There was something uncommonly good about the so-called extras on the DVD for the wonderful movie "The Kite Runner" (DreamWorks, 3 1/2 stars). There are only two, "Words of Kite Runner" and "Images of Kite Runner," but they are composed unusually well and rich with insightful commentary.
|'THE KITE RUNNER' - Ahmad Khan Mahmoodzada and Zekiria Ebrahimi star in the gripping drama 'The Kite Runner.' CNS Photo courtesy of Phil Bray. |
4 stars: Don't miss: rent it/buy it
3 stars: Worth the risk: rent it
2 stars: On the tipping point: if nothing else is available
1 star: Don't bother: wait until it's in the $1 bin
As I watched each one numerous little "ah-ha" moments popped up. It helps that the author of the novel on which the movie is based, Khaled Hosseini, was a gracious and generous interview subject. Hosseini offers insights on his own inspirations, his feelings about ways a movie must digress from a novel and his creative relationship with director Marc Forster and his crew.
The features confront the harrowing rape of a young boy named Hassan by neighborhood thugs as Amir looks on cowardly from behind a fence. Hosseini describes the scene as metaphor for the brutalization of his native Afghanistan, while Western nations look on.
Scriptwriter David Benioff points out that the book of an Afghan writer was turned into a script by a New Yorker for a Swiss director who guided actors from Egypt, Germany, Iran, England and France. Then a Spanish composer wrote the score and the movie was mostly filmed in China. Maybe that's a metaphor for the way the rest of the world should behave.
So, what was it? That I cared deeply about the book when I first read it? That I found the movie a nearly exhilarating experience? What made these features so compelling, so nearly like small movies in their own right?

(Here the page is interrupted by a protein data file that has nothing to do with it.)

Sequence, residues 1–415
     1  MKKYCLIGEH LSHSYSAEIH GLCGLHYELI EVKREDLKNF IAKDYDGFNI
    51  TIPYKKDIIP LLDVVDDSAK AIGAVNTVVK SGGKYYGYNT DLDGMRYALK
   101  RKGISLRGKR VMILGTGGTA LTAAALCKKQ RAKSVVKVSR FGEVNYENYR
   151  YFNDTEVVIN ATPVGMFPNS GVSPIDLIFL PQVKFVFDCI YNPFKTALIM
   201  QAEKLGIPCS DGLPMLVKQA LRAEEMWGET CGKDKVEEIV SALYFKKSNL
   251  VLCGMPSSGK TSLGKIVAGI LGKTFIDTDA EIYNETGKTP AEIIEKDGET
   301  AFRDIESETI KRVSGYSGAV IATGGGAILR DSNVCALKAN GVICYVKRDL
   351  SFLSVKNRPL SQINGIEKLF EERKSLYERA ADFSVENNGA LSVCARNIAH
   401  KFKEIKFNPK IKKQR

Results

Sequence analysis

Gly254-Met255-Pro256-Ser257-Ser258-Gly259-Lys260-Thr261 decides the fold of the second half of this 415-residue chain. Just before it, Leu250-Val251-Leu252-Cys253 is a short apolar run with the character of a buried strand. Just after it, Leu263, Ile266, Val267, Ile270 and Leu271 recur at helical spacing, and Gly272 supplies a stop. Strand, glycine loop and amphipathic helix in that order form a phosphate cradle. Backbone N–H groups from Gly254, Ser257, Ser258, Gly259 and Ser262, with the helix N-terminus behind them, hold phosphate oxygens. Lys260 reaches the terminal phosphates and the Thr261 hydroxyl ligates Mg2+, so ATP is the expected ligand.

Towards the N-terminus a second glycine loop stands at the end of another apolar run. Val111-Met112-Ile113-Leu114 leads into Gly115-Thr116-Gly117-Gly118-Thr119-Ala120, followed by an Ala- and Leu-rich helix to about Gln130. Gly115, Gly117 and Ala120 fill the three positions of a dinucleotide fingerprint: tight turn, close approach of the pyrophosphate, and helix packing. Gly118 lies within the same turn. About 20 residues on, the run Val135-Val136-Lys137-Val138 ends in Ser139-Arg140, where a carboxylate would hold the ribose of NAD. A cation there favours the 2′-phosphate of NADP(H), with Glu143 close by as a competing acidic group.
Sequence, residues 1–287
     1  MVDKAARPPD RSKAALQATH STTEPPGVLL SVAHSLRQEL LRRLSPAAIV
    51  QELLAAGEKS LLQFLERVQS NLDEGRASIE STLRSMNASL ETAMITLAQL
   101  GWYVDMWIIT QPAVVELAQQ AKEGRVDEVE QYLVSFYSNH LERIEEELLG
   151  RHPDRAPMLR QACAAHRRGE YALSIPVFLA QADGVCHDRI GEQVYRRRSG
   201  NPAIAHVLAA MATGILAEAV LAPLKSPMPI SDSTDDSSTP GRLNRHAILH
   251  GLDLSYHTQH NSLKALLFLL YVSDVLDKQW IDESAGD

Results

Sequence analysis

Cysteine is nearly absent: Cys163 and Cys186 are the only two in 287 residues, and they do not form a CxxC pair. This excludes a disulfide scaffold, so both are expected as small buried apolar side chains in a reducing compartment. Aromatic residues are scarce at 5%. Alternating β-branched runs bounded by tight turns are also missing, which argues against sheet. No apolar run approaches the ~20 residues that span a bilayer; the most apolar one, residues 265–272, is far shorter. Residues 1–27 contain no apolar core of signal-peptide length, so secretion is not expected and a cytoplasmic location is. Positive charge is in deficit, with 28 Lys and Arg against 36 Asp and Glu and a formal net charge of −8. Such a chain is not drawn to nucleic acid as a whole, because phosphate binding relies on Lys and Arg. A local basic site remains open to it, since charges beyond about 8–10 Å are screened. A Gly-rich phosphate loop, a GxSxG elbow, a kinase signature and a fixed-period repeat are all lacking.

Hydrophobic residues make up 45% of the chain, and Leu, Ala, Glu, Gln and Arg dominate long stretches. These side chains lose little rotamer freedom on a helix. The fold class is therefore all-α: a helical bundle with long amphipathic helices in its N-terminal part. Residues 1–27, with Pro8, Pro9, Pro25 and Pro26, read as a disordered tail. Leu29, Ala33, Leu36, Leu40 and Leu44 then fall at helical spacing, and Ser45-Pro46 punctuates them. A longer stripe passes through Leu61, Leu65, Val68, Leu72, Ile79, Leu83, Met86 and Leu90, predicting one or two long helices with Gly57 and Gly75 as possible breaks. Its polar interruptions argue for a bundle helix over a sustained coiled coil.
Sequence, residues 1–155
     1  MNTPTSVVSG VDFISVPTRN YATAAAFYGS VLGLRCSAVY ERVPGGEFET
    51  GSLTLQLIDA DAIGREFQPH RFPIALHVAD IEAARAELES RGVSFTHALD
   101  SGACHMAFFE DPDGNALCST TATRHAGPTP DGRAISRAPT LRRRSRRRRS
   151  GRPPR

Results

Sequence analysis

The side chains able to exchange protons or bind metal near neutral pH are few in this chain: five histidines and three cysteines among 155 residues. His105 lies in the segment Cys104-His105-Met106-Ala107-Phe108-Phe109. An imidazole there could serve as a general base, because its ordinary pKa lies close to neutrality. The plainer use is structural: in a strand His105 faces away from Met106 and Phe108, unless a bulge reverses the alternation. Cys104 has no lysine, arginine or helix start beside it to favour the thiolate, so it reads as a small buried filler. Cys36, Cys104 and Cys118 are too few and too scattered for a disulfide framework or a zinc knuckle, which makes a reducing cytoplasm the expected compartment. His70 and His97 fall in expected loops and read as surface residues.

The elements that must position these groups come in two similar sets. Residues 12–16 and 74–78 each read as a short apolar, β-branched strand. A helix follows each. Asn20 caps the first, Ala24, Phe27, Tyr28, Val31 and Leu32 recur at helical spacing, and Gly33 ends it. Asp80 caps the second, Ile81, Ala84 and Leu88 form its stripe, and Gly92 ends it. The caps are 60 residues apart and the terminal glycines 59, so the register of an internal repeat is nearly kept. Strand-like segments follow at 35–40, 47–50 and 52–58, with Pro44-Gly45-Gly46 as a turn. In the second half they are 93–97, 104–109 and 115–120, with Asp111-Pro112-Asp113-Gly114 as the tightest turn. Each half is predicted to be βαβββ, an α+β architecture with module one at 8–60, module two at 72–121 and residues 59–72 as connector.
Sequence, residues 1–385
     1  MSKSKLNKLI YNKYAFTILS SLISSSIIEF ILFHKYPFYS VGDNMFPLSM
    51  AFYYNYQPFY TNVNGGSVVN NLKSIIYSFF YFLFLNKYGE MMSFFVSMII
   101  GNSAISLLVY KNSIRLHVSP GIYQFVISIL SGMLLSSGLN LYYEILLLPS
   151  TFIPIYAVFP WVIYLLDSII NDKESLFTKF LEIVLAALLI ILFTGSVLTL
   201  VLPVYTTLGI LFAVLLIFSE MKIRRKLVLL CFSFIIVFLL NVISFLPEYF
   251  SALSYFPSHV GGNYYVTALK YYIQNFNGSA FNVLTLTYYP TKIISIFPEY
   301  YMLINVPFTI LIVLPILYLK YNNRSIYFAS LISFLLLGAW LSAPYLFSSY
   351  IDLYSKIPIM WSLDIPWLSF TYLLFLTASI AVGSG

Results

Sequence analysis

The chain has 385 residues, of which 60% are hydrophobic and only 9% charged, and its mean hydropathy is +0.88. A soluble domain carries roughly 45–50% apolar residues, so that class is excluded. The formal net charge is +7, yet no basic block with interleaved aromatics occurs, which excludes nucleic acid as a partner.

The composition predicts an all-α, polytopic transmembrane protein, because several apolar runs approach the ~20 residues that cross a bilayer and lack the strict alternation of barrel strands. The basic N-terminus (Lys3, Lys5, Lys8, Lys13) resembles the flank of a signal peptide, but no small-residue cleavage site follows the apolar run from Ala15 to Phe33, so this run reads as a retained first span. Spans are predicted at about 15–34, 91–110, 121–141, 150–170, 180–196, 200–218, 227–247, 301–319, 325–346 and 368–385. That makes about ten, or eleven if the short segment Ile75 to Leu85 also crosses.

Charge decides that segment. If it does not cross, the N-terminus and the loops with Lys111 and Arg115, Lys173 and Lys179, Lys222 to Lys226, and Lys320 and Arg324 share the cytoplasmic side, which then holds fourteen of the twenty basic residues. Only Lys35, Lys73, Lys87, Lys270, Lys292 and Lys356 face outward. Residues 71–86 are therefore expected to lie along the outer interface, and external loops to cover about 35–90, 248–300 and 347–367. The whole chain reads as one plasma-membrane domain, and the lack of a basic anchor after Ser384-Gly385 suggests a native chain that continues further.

The answer was easy and obvious, and I should have known: Laurent Bouzereau.
Any movie fan who loves to delve deeply into the stories behind great movies inevitably encounters Bouzereau. He is, hands down, the finest producer of documentary material for movie releases on DVD.
Years ago, when DVD bonus material was a novelty, and mostly shoddy slammed-together bits, I told Bouzereau that some day there would be an Oscar for DVD extras and he would be the first recipient. OK, I was sort of kidding. And sort of hopeful.
At the very least, he's elevated a commercial gimmick to artful heights, and dragged many a studio's home entertainment department along with him.
The French-born Bouzereau nurtured an early love for movies into a thriving career and that passion for films permeates his work. When it comes to DVD extras, Bouzereau's name is as close to a brand as Hollywood has gotten. Why studios don't promote that brand in DVD marketing and on DVD boxes is beyond me.
In a very old interview, DVDFILE.com said this about Bouzereau: "If you are at all familiar with the laserdisc and DVD 'special edition' as we know it, and even if you've never heard of the name Laurent Bouzereau, you have most certainly seen his work. In just a few short years, the independent documentarian has amassed an impressive body of work, and gone behind-the-scenes with some the world's leading filmmakers, including Alfred Hitchcock, Steven Spielberg, George Lucas, Martin Scorsese, Brian De Palma and many others."